Abstraction of phonological representations in adult nonnative speakers

Alia Lancaster, Kira Gor

Abstract


Perception of nonnative contrasts by adult second language (L2) learners is affected by native language phonology. The current study contrasted predictions from two models of L2 phonological acquisition that focus on different representational levels as the origin of native language transfer: the abstract categorization level from the Perceptual Assimilation Model for L2 learners (PAM-L2; Best & Tyler, 2007) and the phonetic level from the Automatic Selective Perception model (ASP; Strange, 2011). The target phonemes were pairs of Arabic consonants that were equally similar on the abstract categorization level but unequally similar on the phonetic level—voiced and voiceless pharyngeal fricatives /ʕ/, /ħ/ and uvular fricatives /χ/, /ʁ/. Twenty intermediate-level English-speaking Arabic L2 learners and 10 Arabic native speakers (NS) completed auditory identification and discrimination tasks. We first conducted a discriminant analysis (DA) to quantify ASP predictions based on phonetic variables. L2 learners were generally more accurate when perceiving the pharyngeal consonants compared to the uvulars and when perceiving the voiced phonemes compared to the voiceless. These findings, and L2 learners’ perceptual variation across contexts, predicted by the DA, suggest that L2 speakers were able to track phonetic cues during L2 perception and thus favor the ASP. These results support the interpretation that L2 learners attend to the phonetic detail in nonnative segments; however, they do not build nativelike phonological representations for the segments with weaker phonetic cues. This ability to process low-level phonetic cues opens the possibility for learners to create more robust phonological representations.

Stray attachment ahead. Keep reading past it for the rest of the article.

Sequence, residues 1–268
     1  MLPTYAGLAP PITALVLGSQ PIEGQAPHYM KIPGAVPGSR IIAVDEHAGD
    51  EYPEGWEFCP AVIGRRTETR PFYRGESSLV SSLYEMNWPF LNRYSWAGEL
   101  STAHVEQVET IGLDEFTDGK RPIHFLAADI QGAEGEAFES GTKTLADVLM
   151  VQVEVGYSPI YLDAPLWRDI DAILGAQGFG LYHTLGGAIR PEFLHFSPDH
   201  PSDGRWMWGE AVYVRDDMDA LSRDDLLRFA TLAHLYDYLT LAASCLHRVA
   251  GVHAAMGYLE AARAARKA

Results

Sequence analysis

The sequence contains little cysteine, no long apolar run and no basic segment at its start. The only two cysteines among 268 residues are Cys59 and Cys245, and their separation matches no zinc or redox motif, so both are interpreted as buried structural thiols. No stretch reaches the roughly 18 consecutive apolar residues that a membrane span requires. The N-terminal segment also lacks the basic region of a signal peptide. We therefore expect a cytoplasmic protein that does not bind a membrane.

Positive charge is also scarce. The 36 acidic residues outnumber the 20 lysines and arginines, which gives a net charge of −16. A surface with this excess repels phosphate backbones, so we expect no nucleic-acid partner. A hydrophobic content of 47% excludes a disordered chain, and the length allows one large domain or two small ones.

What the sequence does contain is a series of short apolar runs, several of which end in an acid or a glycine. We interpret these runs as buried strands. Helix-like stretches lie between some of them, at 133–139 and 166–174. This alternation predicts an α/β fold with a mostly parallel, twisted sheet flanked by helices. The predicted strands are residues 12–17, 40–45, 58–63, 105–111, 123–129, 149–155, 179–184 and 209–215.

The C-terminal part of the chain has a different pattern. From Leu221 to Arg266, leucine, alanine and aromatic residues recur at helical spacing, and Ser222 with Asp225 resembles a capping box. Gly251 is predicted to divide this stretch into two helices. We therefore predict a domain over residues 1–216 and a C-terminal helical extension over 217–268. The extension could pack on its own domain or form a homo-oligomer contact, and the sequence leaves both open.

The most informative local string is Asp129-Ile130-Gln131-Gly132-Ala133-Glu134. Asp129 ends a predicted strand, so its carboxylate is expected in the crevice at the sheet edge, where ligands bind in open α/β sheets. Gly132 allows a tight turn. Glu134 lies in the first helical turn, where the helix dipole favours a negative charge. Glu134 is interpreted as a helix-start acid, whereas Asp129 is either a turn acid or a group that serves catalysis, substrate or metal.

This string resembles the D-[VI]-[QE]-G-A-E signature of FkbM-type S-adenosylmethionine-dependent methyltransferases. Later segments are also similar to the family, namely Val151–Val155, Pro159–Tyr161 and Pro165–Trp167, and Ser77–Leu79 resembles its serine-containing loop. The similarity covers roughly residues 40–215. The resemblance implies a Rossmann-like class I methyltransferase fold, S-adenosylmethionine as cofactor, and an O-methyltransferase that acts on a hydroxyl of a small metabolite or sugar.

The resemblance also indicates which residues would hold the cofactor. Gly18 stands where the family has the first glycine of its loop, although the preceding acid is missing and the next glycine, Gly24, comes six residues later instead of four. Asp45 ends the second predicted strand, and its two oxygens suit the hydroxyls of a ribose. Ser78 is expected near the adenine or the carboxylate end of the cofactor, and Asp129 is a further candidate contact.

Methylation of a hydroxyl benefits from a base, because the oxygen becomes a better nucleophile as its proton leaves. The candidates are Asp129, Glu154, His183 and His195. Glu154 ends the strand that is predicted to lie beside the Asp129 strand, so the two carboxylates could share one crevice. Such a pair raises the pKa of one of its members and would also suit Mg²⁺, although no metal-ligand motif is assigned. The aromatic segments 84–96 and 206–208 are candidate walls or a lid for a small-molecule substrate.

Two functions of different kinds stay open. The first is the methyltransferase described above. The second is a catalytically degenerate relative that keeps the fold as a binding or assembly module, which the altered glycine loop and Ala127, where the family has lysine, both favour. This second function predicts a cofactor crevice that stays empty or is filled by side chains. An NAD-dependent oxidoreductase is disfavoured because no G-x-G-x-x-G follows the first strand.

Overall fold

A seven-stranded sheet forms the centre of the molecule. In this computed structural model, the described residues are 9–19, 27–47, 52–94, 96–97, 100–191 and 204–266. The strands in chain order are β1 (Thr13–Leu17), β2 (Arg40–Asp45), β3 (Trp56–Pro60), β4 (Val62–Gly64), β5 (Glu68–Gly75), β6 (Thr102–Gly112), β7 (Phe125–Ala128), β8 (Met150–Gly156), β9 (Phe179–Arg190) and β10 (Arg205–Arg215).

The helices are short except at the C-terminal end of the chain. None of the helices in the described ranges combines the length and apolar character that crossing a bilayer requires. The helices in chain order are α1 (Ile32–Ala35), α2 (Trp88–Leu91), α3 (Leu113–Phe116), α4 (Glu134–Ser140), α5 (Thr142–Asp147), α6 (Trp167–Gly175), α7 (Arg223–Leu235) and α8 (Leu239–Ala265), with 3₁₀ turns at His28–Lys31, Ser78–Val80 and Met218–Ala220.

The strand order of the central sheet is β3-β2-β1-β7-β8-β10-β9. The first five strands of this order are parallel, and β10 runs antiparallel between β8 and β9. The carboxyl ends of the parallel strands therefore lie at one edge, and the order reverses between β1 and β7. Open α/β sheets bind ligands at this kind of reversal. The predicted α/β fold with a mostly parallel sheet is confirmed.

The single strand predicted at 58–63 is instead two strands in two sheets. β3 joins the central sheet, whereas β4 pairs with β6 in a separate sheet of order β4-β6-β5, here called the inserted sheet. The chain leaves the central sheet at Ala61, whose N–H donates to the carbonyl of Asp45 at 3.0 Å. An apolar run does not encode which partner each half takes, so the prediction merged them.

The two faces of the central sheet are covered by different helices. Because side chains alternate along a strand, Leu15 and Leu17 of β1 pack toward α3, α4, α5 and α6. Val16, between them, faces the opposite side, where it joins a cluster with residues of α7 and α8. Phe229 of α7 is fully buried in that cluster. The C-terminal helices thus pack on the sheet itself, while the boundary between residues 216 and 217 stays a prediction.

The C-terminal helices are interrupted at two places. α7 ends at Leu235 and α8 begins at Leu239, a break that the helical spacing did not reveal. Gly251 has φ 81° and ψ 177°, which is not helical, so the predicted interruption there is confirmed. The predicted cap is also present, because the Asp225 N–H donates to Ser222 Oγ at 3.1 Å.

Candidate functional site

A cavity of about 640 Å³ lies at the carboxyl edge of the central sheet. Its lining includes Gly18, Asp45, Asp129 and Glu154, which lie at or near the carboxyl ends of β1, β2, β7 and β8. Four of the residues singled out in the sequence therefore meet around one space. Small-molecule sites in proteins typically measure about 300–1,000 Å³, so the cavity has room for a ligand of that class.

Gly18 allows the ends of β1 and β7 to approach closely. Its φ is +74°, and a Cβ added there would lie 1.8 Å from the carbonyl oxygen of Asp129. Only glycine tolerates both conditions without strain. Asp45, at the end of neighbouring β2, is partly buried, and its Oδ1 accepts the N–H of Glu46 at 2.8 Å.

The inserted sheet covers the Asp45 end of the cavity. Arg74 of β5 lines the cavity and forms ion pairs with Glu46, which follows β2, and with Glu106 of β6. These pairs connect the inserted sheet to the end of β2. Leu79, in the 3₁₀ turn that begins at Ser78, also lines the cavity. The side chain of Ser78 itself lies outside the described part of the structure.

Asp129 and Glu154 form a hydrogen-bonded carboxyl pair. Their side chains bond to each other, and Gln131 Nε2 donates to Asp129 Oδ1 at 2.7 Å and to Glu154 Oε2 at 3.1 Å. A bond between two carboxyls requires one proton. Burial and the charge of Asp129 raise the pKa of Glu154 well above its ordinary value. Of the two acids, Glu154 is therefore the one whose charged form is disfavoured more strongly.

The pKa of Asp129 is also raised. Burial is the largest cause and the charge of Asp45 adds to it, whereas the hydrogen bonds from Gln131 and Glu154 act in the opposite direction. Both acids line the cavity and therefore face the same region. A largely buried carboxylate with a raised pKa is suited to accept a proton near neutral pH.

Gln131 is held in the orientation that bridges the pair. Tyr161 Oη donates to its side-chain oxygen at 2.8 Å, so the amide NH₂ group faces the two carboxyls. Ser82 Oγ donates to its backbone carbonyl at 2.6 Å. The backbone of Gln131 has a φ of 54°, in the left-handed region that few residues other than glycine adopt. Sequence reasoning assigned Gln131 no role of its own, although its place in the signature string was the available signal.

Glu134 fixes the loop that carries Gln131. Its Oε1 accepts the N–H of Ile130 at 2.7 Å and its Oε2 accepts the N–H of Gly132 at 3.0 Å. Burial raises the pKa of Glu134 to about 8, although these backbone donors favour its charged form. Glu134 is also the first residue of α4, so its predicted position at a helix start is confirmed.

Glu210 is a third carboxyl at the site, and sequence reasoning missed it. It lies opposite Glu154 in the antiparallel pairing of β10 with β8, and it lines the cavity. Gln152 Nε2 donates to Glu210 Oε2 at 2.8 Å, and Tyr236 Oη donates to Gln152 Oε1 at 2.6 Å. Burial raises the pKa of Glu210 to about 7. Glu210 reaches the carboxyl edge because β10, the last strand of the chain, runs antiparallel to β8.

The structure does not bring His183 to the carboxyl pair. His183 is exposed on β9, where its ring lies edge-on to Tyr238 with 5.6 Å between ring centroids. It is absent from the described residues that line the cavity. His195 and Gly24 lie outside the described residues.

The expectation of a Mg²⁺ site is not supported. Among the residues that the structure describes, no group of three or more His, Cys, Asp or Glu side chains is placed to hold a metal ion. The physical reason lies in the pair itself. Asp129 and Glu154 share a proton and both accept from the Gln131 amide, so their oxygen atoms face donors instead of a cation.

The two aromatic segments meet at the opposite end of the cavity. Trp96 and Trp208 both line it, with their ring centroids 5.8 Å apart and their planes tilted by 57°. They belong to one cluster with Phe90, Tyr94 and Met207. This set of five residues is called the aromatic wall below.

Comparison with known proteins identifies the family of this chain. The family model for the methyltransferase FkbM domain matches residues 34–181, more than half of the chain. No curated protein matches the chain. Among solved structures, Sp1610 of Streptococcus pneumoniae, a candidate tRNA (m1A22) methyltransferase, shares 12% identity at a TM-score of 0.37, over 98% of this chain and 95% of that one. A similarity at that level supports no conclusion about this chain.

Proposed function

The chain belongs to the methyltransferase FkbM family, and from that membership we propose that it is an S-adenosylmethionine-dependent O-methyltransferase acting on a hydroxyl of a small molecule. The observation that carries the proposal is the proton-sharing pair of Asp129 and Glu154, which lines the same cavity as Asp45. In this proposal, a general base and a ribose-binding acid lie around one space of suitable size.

Keywords


L2 acquisition; phonological contrasts; perception; nonnative phonology; phonetic cues

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DOI: https://doi.org/10.3765/plsa.v1i0.3725

Copyright (c) 2016 Alia Lancaster, Kira Gor

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